With the limited international relations resources at our disposal at home and our missions abroad, we have done relatively well over the last few months to rally support on our side on the border controversy. Foreign policy has not been a strong point of governments since the death of Forbes Burnham in 1985. The Foreign Ministry was largely neglected by succeeding administrations — understaffed, under equipped, and underfunded to efficiently respond to crisis or to take initiatives on the global front. The Venezuela crisis has now made the Ministry extremely important in our relations with the globe as we need to engage in robust PR to counter our western neighbor’s claim.
The President, Vice President, PM, and Attorney General have all given measured responses to Maduro’s provocations. However, our foreign missions and the domestic bureaucracy can do much better; the Washington team seems to be on top of things in keeping the US administration and Congress informed. When I was an activist in the 1970s thru 1990s, Congress was kept abreast of developments in Guyana as well as the border controversy. I am not sure what our missions in London, Brussels, New Delhi, New York, Geneva, Ottawa, and elsewhere are doing. Beijing, Moscow, and Havana are not likely to say anything on Maduro and that is not surprising as they are allies of the Venezuelan socialist, a new found friend as opposed to Guyana that has been a socialist friend since the 1950s and 1960s. Government should give consideration to an independent review of our missions’ response to Maduro and weaknesses addressed.
We seem taken aback by Maduro’s bellicose language after the ICJ conservatory order. Our missions abroad need to be more prepared and assertive or aggressive in our PR response to Venezuela’s aggression and claim. A better trained and equipped bureaucracy would help us to respond promptly and more effectively to Maduro. We should always be prepared with our own PR in response to Maduro’s tough talking.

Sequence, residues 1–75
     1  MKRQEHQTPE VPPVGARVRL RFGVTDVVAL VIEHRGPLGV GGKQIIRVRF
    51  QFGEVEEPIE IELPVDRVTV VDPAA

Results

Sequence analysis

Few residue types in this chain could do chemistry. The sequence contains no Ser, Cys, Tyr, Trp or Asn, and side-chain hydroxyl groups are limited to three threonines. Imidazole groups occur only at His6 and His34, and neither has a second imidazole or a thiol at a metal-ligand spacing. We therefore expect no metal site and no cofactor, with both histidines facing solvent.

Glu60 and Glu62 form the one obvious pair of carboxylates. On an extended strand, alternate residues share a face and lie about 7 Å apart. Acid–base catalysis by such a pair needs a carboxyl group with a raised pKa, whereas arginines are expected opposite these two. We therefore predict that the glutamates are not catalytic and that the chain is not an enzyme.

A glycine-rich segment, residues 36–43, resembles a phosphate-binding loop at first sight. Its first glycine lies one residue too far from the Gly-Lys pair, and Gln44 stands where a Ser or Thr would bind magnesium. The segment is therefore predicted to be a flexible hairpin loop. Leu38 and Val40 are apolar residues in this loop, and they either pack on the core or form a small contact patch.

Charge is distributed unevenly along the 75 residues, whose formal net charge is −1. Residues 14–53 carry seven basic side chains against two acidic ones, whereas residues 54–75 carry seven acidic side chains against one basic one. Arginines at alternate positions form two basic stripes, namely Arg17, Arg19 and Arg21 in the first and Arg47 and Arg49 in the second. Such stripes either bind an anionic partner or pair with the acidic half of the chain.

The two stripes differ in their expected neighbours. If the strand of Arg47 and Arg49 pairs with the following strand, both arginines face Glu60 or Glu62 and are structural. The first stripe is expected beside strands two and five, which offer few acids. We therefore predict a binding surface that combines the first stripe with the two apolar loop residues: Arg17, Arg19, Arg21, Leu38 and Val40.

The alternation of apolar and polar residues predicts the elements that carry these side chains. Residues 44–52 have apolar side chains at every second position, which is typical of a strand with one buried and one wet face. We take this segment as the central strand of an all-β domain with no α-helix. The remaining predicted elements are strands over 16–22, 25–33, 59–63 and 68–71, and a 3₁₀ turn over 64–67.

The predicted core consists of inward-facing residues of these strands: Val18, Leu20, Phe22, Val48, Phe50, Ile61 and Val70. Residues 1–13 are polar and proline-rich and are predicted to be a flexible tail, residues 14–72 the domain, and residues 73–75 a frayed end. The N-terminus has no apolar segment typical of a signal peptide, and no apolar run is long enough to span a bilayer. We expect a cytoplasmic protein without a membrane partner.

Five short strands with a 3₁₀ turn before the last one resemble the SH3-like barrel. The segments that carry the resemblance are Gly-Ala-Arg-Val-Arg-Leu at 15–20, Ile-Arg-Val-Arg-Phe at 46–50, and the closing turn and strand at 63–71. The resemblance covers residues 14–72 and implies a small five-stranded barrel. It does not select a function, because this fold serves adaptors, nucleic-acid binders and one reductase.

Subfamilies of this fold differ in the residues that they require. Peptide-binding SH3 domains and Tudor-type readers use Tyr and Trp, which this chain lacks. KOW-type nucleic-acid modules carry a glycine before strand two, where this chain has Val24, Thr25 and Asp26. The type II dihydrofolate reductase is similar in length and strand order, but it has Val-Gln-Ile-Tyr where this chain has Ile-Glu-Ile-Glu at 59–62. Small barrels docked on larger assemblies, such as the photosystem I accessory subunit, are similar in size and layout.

The inadequate international response, especially at certain capitals and world forums, and lack of preparedness for a stronger push back to Venezuelan threat to our national territory suggests that the time has come to construct a foreign policy or internal relations institute to train a new generation of diplomats to address crisis. The institute will provide them with the requisite skills on how to respond to threats with speed. Once trained, they can be dispersed to important world capitals.
A quick brief review of the history of our diplomacy or international relations would reveal that since the passing of Burnham in 1975, foreign policy has been deemphasized by successors. To his credit, Burnham built a competent, respected cadre of diplomats. He paid for their studies in the west and were offered accepted scholarships from western institutions. They received good training. Almost all of them were trained in the West at recognized reputed universities on government scholarships. They returned home after their education to serve their master. Guyana was the envy in the Caribbean during the late 1960s 1970s, and 1980s for the kind of diplomats produced.